Marshall Arisman & Giovanni Battista Piranesi

You may have already guessed it being a Monday, it’s Peter’s artist of the week spot. I’ll start my ramblings on Marshall Arisman.

Marshall Arisman

Wow. There is some dark and freaky works of art here and this is coming from a guy who visited and loved the H.R Giger museum. I LOVE IT!

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Marshall started his career as a graphic designer working for General Motors, he quit after three months realising he hated working with other people and didn’t like solving other peoples problems. After service in the army he got into illustration. After three years of unsuccessful freelancing he decided to focus on producing work about things he actually knew about.

At the time this happened to be guns, due to being brought up in a small town in New York where everyone carried and his knowledge of hunting. Cue his dark in theme style, and why he became known as the guns, violence and death guy. He has since broken out of this and has more recently illustrated childrens books (quite the change).

I could quickly chat about the reasons I quite like his work but I’ve already covered before in these talks that I’m fond of a bit of surrealism and enjoy darker themes such as Giger’s, so my tastes here aren’t really surprising. I do however want to dwell on some of his quotes.

“Make a list of things you have knowledge of, whether it’s bowling or drinking coffee or dogs, and make pictures from that list. Don’t tell yourself it’s a portfolio, but show it to people.”

“You’ll always make better pictures when the subject matter is meaningful to you. Even if it’s bowling, your enthusiasm will come out in the pictures.”

“If you’re lucky, and you go back to yourself and you start talking about yourself, you suddenly find out that there’s a connection there between you and other people.”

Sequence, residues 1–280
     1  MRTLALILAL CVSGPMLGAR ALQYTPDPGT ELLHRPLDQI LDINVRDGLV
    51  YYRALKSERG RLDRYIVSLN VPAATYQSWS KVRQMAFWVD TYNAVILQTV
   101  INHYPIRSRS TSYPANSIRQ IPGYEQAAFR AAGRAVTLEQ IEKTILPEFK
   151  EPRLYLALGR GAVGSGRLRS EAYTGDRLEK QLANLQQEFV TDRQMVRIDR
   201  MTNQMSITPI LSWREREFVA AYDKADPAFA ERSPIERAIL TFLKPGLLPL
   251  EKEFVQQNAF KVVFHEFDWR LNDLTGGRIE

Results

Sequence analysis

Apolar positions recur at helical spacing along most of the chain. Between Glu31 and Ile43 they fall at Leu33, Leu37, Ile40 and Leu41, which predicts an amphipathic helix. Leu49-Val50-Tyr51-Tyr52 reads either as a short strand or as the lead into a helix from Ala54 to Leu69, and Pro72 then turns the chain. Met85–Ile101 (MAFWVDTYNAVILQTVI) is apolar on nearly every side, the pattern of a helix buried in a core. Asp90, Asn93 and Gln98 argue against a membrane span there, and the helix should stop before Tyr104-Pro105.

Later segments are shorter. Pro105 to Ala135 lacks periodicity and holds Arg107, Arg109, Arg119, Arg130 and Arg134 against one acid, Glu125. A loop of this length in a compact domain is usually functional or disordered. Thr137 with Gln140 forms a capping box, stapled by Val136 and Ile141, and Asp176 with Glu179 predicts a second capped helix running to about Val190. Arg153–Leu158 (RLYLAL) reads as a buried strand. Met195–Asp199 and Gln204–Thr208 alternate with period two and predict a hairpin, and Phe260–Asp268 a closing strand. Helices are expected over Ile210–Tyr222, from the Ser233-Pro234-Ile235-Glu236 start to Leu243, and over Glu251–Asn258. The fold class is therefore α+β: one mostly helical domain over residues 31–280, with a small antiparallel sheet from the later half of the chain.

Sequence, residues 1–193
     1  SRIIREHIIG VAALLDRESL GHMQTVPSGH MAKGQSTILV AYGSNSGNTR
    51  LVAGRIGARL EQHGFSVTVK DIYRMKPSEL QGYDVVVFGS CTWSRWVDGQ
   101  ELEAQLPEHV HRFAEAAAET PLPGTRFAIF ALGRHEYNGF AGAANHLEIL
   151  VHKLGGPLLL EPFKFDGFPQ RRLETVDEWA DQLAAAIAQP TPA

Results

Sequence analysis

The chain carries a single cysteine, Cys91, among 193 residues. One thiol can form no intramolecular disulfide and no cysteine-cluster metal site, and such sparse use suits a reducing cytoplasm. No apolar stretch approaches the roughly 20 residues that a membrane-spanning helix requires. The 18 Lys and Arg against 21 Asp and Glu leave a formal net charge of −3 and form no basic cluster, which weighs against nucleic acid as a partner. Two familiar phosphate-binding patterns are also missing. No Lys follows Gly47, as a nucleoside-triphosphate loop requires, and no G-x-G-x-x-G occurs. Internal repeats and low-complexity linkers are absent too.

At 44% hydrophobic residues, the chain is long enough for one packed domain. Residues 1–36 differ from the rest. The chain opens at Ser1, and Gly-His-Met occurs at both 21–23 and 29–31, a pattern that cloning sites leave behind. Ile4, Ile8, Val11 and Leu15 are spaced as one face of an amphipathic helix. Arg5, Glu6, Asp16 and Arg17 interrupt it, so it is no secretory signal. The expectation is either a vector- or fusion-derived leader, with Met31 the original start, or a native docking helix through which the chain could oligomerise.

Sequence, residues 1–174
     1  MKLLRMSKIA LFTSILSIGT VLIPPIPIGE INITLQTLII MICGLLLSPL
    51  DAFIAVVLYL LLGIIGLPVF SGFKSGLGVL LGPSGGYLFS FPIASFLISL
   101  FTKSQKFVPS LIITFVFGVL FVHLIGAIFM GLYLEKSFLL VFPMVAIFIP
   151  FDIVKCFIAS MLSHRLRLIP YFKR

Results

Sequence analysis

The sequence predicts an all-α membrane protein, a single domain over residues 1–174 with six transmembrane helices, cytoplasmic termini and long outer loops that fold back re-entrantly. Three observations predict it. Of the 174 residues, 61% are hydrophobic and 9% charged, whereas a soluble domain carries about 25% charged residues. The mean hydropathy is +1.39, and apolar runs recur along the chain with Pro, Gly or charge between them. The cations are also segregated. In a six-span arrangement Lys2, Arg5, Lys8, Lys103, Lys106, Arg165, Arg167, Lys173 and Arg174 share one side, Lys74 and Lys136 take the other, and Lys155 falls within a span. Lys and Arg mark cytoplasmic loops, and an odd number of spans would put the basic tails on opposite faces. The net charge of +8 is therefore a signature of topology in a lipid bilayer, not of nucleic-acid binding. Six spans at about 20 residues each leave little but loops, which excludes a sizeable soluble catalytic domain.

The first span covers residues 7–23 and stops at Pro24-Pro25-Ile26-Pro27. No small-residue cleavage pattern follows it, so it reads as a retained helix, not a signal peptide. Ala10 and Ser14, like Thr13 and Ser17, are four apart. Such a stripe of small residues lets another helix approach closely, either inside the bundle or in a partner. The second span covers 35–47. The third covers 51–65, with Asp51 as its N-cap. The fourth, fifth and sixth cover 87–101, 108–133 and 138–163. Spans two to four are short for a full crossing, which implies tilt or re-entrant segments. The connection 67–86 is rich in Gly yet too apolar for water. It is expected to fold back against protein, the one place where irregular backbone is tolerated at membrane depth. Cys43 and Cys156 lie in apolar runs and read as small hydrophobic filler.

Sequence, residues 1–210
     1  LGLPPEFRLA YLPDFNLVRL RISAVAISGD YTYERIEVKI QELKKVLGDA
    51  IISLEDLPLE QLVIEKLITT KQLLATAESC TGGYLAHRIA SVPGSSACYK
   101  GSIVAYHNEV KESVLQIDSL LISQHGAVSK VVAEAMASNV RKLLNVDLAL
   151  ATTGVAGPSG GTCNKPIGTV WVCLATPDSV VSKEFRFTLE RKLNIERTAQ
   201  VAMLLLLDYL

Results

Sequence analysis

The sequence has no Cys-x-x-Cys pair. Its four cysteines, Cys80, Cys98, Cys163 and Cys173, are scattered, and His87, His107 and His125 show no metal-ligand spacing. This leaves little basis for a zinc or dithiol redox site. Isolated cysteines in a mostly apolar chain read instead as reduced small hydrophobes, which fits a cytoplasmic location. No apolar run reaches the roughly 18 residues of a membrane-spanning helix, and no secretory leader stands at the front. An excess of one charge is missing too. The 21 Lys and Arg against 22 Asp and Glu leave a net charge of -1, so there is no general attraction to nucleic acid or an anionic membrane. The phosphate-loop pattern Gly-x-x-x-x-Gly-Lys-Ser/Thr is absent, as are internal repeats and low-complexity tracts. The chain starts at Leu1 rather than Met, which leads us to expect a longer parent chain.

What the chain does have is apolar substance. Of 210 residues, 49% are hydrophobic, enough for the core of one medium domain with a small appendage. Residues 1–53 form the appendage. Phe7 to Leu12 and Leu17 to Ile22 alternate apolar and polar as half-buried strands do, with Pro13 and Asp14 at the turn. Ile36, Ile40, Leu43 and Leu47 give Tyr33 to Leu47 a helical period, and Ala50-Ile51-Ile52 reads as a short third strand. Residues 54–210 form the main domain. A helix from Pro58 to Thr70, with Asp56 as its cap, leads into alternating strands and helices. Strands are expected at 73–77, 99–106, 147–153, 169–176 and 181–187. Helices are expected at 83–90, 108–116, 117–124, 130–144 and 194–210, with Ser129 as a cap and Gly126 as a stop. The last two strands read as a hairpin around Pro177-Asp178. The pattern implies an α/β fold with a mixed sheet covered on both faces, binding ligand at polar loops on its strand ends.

“Communication is part of the fun, right? It’s just so good when people respond, and say, “I know exactly what you mean” or “These pictures mean something to me.” That’s the nice communication.”

I don’t want this to suddenly become about me but some of these really hit home. I’ve had plenty of past in education experiences that have destroyed the personal aspect to me creating and have treat exercises like a class full of drones producing the same thing, so I agree it’s very important to try and push forward while retaining your own meaningful inspirations.

It was only dwelling on myself and a younger me that has me here doing this in the first place, trying to find my own roots again and yeah for the first time I am being given my own creative freedom in projects and people are sitting with me and going, I completely get and understand your inspirations and where you’re coming from. It’s a magic moment that makes you wake back up as an artist and think hey maybe I am doing the right things! So thank you Marshall Arisman, your words couldn’t be more true!

Giovanni Battista Piranesi

We’re about to go back in time, WAY back in time, 1720 kind of back in time.

Peter showed us a quick overview in class of Piranesi’s work. I’ll keep this a little more brief as it was more a point of interest than the artist of the week sort of spot.

Piranesi was an Italian artist from the mid-1700s, known for his amazingly detailed architectural etchings of Rome and his own dreamt up prison like environments. His father had been a stonemason and this likely had influence on his own interest in architecture. He took engraving to a whole new level of detail and was once accused of being too much of a painter to be an engraver. His work is stunning, so much so it’s hard to believe they’re all engravings.

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His prison environments perk my interest as I’ve got an interest in possibly steering this career direction towards an environment artist. Sometime you have to wonder if there are just too many distractions that pull us every direction these days, here is a talented master of environment/architecture that was born 296 years ago and I’m not even a patch on him! For his bizarre environments many considered him mad, past and present. To that, all I have to say is the great words of Lewis Caroll from Alice in Wonderland.

“have i gone mad?
im afraid so, but let me tell you something, the best people usualy are.”

 

 

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